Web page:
According to a study summary, online education teachers and school administrators will encounter numerous difficulties (Kitahara & Westfall 2007). Another study suggests that students are uncomfortable with the new online teaching methods, and the benefits of taking classes online are not as great as their drawbacks (Nguyen 2022). A study explains that online classes were very helpful in the corona situation, but there were various challenges, such as poor internet, power outages, etc. (Safura 2021; Alaidaros et al. 2021). Another study suggests that urban students find online learning much simpler than rural students because urban areas are more developed and students have better technology accessibility (Bast 2021). A study shows that female students use their phones more frequently than male students. But even so, mobile devices have negatively influenced students, causing male students to lose focus and self-control while causing female students’ behaviour changes (Nayak 2018).

Another study notifies that COVID-19 is the reason that many students have left school (Kuhfeld et al. 2020). A study informs that students’ communication skills have decreased because of online classes. Students are no longer confident and have trouble understanding materials found online (Alawamleh, Al-Twait & Al-Saht 2020). A survey indicates that teachers’ e-learning teaching was below expectations. The students were content with the online classes but were not happy with how well they learned the material (Syauqi, Munadi & Triyono 2020). A study informs that students are not satisfied with the tests and exams that were given online, even though they received good grades and excellent test results (Hussain et al. 2020). Also, another study demonstrates that online classes are not interactive, and taking them for longer than 10 h can have serious health effects (Chandra et al. 2021). A study reviews that online learning has a detrimental impact on students, with depression and anxiety being the main effects. The government sector can act to provide students with the necessary equipment and internet access at a low cost during the pandemic (Agung & Surtikanti 2020).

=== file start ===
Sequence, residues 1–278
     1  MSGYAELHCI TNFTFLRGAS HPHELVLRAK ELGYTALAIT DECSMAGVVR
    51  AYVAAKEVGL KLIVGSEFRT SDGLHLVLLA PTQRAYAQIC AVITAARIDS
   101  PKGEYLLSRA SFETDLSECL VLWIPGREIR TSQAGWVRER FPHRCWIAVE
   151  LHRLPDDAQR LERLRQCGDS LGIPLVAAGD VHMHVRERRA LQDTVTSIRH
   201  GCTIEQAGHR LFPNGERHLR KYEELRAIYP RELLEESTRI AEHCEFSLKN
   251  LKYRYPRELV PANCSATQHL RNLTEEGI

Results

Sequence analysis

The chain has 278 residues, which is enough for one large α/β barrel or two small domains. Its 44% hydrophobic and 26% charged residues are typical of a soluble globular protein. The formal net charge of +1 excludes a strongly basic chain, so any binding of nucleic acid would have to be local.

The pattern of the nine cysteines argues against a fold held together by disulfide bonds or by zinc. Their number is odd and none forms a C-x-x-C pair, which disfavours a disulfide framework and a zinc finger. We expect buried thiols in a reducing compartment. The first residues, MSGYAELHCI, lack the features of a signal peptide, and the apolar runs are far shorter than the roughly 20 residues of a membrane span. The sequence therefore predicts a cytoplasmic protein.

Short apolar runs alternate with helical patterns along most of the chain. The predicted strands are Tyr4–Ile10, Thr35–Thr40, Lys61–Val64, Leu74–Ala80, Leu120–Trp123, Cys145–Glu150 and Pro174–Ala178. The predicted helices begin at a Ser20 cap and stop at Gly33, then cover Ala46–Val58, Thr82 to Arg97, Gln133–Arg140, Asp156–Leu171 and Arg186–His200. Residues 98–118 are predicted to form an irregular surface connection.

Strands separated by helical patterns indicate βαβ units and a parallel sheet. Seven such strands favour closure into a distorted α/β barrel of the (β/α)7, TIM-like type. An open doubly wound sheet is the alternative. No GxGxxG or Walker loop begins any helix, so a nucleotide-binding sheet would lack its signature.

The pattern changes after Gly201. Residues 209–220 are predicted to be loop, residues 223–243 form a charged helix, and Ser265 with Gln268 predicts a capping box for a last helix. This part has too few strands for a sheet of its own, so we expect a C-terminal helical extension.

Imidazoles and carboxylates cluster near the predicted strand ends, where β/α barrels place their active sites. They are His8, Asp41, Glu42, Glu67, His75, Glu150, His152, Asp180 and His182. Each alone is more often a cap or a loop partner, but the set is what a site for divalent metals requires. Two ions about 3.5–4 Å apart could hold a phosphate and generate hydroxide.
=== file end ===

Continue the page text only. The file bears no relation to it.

Materials and methods

The data for the proposed study was gathered in two ways: (1) online using Google Forms and (2) offline using a questionnaire and direct contact with the students. The survey was done with safety and preventative measures in mind. The collected data were processed for analysis using Python. We employed plots and graphs for data visualisation. Machine learning methods were used to get insights from the investigation.

Statistical analysis

Data preprocessing is a phase in the data extraction and evaluation process that converts raw data into a format that computers and machine learning algorithms can interpret and analyse. The collected data consist of categorical variables. In the first step, before analysing the data, we converted categorical data into numeric data in the data preprocessing step. We only considered around 26 of the 28 characteristics in our data, and we did the following transformations:

  • Two-variable columns have been replaced with 0s and 1s.
  • Columns with five variables, such as excellent, very good, good, fair and poor, have been reduced to three variables, better, good and bad.
  • By using the dummification technique, the columns with three variables have been transformed into 0s and 1s.
  • According to the replies in the columns having check boxes, students who have picked one choice are placed in one category, while students who have selected several options are placed in a different category and converted to 0s and 1s.

After this procedure, the number of columns increased to 75; thus, we selected 56 of those 75 columns that were considered for analysis.

The data was analysed using Python, which is a programming language that can be used for powerful statistical analysis. The essential questions were considered and analysed using machine learning techniques as per the data collected using a questionnaire. The machine learning techniques thatwere implemented were:

  • Logistic regression
  • K-nearest neighbours (KNN)
  • K-nearest neighbours using cross-validation
  • Decision tree
  • Bagging
  • Adaptive boosting
  • Gradient boosting
  • Extreme gradient boosting

We used the metric accuracy to compare the machine learning models that we have implemented. The higher the accuracy, the better the model. Accuracy is the ratio of correct predictions to the total number of predictions.


According to the data, male responses comprised 50.24% of the total responses, while female responses comprised 49.76%. The students come from various communities: 25.12% are from rural regions, 76.46 are from urban areas and the remaining are from peri-urban areas. When we look at responses by class, class 1 had a response rate of 2.42%, class 2 of 5.31%, class 3 of 6.52%, class 4 of 6.52%, class 5 of 4.83, class 6 of 24.64%, class 7 of 25.60% and class 8 of 24.15%. Considering the parent’s income, 39.13% of kids said their parents’ income was sufficient, 15.46% reported that it was insufficient and 45.41% reported that it was just partially enough.